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Korean Food, Lost in Translation

Awkward English translations are exceedingly common in Korea.  So common, in fact, that there is even a word to describe them: Konglish. “Konglish” translations of Korean restaurant menus are often especially heinous.
Kim Seong-kon, a professor of English at Seoul National University, has collected a list of them for the Korea Herald:

Preposterous English food translations include “lacquer poison chicken broth with ginseng (hanbang samgye tang).” Customers will surely be intimidated by this poisoned chicken dish that may threaten their lives. In fact, this dish, which should be translated to “boiled chicken with ginseng” or “chicken stew with ginseng,” is not dangerous at all, but very good for your stamina… Examples of embarrassing translations could seemingly go on forever.

Other highlights:

  • mountain not yet the pebble pot boiled rice with assorted mixtures (sanchae dolsot bibimbab, a vegetable hot pot)
  • mother hand tasty director of a bureau (omma son mat cheong guk jang, a soybean stew)
  • green pea jelly vegetable nothing needle (cheongpo mook yachae moochim, a green pea jelly salad)

Most of these botched translations are the result of attempting to translate word to word from Korean to English. As you can see from the results, it’s not always that simple and for accuracy’s sake it’s important to have someone with a working knowledge of both languages.

In an attempt to make Korean food sound more palatable, South Korea’s national language institute just released its first batch of official translations for restaurants. With verified English translations for 200 common South Korean dishes, officials hope this will make eating out in Korea easier for tourists.

According to the Wall Street Journal, however, the new translations come with problems of their own:

Many of the descriptions appear too brief. Take kal-guksu, a popular wheat-flour pasta soup with fish stock base. The new list calls it noodle soup, but that doesn’t reveal the type of noodle used in the dish. In Korean cuisine, there are many types of noodle dishes, in variable thickness, served chilled or in hot soup with different condiments and spices.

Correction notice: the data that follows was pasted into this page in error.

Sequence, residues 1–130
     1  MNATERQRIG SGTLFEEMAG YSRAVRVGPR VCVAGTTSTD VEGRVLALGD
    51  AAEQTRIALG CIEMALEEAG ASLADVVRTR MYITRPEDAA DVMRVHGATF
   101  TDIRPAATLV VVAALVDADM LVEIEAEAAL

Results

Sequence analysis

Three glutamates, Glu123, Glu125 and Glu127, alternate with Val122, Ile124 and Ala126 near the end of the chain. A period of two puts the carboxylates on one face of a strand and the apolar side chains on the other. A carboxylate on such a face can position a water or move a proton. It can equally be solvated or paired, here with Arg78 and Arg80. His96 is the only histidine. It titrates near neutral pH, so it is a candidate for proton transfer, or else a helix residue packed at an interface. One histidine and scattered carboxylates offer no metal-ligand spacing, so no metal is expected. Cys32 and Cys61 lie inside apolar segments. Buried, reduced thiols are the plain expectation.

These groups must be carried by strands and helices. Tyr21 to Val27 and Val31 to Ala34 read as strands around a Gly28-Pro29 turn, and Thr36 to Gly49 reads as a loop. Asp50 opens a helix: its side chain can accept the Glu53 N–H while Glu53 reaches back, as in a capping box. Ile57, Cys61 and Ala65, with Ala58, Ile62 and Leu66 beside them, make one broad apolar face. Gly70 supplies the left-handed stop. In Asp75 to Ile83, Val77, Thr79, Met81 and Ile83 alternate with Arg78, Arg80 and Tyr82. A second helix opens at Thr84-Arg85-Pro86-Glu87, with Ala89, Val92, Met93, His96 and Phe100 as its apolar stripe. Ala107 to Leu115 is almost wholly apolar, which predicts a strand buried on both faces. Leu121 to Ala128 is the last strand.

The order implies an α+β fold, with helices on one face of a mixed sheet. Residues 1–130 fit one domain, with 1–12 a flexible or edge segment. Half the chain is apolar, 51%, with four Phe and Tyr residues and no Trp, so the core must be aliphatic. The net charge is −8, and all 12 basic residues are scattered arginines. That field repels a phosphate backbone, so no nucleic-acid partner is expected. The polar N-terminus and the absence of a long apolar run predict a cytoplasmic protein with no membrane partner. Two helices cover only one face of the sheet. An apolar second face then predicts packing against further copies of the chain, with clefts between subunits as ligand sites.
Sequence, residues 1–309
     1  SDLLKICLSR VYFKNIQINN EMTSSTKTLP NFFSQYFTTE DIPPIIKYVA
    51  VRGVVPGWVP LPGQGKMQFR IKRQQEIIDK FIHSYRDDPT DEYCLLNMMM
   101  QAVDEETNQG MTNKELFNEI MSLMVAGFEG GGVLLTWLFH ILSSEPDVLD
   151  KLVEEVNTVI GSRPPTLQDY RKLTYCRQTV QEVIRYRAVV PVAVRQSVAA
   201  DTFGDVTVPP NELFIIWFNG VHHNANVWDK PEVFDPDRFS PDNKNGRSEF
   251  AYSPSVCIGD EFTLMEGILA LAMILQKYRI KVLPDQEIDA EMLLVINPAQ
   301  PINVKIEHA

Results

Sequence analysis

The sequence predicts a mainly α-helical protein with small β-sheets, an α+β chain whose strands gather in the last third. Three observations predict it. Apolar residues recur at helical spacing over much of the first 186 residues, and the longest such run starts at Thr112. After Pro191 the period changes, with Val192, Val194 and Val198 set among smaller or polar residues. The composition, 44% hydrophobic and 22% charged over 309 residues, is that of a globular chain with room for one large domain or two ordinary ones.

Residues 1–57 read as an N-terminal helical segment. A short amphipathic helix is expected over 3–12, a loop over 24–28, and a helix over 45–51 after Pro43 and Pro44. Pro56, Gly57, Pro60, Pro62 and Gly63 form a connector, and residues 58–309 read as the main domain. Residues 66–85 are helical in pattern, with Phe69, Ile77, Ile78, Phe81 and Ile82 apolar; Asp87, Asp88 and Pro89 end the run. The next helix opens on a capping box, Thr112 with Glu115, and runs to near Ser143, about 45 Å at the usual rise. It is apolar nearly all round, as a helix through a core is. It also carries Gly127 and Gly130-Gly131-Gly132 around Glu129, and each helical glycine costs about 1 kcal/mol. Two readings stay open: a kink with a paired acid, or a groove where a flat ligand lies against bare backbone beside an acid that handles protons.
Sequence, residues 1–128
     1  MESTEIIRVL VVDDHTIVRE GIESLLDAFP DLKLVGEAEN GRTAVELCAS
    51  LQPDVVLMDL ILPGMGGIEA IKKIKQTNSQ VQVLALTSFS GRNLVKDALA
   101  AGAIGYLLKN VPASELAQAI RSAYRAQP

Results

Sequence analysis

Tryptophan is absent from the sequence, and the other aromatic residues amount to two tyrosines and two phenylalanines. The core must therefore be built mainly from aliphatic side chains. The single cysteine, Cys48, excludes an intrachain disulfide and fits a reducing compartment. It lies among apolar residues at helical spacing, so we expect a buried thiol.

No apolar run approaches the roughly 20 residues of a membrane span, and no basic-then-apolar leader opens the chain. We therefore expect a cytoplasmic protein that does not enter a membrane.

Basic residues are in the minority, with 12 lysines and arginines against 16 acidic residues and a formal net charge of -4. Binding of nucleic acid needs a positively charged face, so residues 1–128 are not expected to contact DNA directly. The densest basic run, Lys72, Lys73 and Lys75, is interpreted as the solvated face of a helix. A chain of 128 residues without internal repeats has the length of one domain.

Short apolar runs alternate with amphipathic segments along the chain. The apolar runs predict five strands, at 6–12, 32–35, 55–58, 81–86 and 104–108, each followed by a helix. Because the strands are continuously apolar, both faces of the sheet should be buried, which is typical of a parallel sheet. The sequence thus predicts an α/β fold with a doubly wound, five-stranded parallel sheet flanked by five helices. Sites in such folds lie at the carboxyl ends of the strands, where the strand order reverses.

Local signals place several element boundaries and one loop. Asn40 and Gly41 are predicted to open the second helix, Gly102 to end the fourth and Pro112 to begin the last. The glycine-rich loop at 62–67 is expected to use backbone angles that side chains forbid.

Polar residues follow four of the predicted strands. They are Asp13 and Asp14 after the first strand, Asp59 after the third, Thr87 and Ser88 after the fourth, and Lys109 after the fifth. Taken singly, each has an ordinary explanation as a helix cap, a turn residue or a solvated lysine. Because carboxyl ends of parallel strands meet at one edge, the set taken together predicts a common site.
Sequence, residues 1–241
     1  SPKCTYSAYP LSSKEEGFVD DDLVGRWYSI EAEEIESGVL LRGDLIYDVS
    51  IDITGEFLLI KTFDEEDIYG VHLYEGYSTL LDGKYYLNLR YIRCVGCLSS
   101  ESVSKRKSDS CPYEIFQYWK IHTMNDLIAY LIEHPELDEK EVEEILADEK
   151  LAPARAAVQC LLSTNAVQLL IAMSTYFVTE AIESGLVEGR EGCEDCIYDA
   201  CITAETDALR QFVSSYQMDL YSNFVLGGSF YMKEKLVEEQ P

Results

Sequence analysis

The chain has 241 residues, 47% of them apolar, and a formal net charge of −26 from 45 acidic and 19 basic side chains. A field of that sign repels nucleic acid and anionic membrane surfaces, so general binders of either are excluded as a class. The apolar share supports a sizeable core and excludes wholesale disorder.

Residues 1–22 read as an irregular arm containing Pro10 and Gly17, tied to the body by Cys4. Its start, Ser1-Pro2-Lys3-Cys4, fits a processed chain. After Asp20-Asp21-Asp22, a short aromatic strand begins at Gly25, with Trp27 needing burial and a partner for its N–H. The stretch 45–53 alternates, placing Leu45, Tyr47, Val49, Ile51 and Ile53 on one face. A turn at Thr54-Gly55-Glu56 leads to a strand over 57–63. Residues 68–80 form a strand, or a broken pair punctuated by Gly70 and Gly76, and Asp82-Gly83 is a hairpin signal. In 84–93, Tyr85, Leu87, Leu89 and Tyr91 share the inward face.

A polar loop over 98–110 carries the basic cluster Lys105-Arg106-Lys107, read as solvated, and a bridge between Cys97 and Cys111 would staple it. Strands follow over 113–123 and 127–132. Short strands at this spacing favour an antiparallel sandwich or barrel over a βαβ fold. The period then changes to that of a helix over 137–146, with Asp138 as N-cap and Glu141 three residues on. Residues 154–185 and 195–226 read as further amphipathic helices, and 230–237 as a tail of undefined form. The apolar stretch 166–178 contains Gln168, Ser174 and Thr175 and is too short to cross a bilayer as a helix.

Meat dishes could also use some embellishment beyond listed definitions such as short rib soup, pork backbone stew, beef bone soup, ox bone soup and ox knee soup.

Still, that’s better than leaving tourists wondering if they’re being poisoned, or whether or not government officials taste like chicken!

What’s oddest menu translation you’ve ever seen? Share it in the comments!

Additional

I really don’t know what this video is, it has nothing to do with translation but I found it when I was researching this post. This guy’s laugh is hilarious.

6 Fascinating Facts About the Korean Language

The Winter Olympics wrap up this weekend. South Korea has been in the spotlight for the past month. With that in mind, we thought it would be fitting to mark the occasion by putting the spotlight on the Korean language. Here are 6 fascinating facts about Korean, its alphabet, and its history.

Korean is the national language in South Korea, North Korea and two jurisdictions in China.

Speaking of South Korea, did you know that the South Korean economy is the 11th largest in the world by GDP? Despite tensions with North Korea, South Korea grew at its fastest rate  in seven years in the third quarter of 2017.  According to Bloomberg, it’s set expand by about 3% in 2018.

And although Korean isn’t one of the top immigrant languages in the United Kingdom, there are thriving Korean communities in London and New Malden.

Korean is a language isolate . . . almost.

If you thought Korean shared a language family with other Asian languages like Japanese or Mandarin, you would be wrong.

Most linguists classify Korean as a language isolate. In fact, it’s the largest language isolate in the world.

That said, it might have one living relative: the Jeju language, spoken in South Korea’s Jeju province.  Jeju is sometimes considered a dialect. However, it is quite distinct and not mutually intelligible with the Korean of the mainland.

The Korean language has approximately 76 million native speakers.

That makes it the 17th most spoken language in the world.

Korean has its own script,  called Hangul.

King Sejong the Great invented Hangul in the 15th century. Before then, Koreans wrote with Chinese characters, called Hanja. But these were difficult to learn without spending years in school, and that put literacy out of reach for most commoners. Read more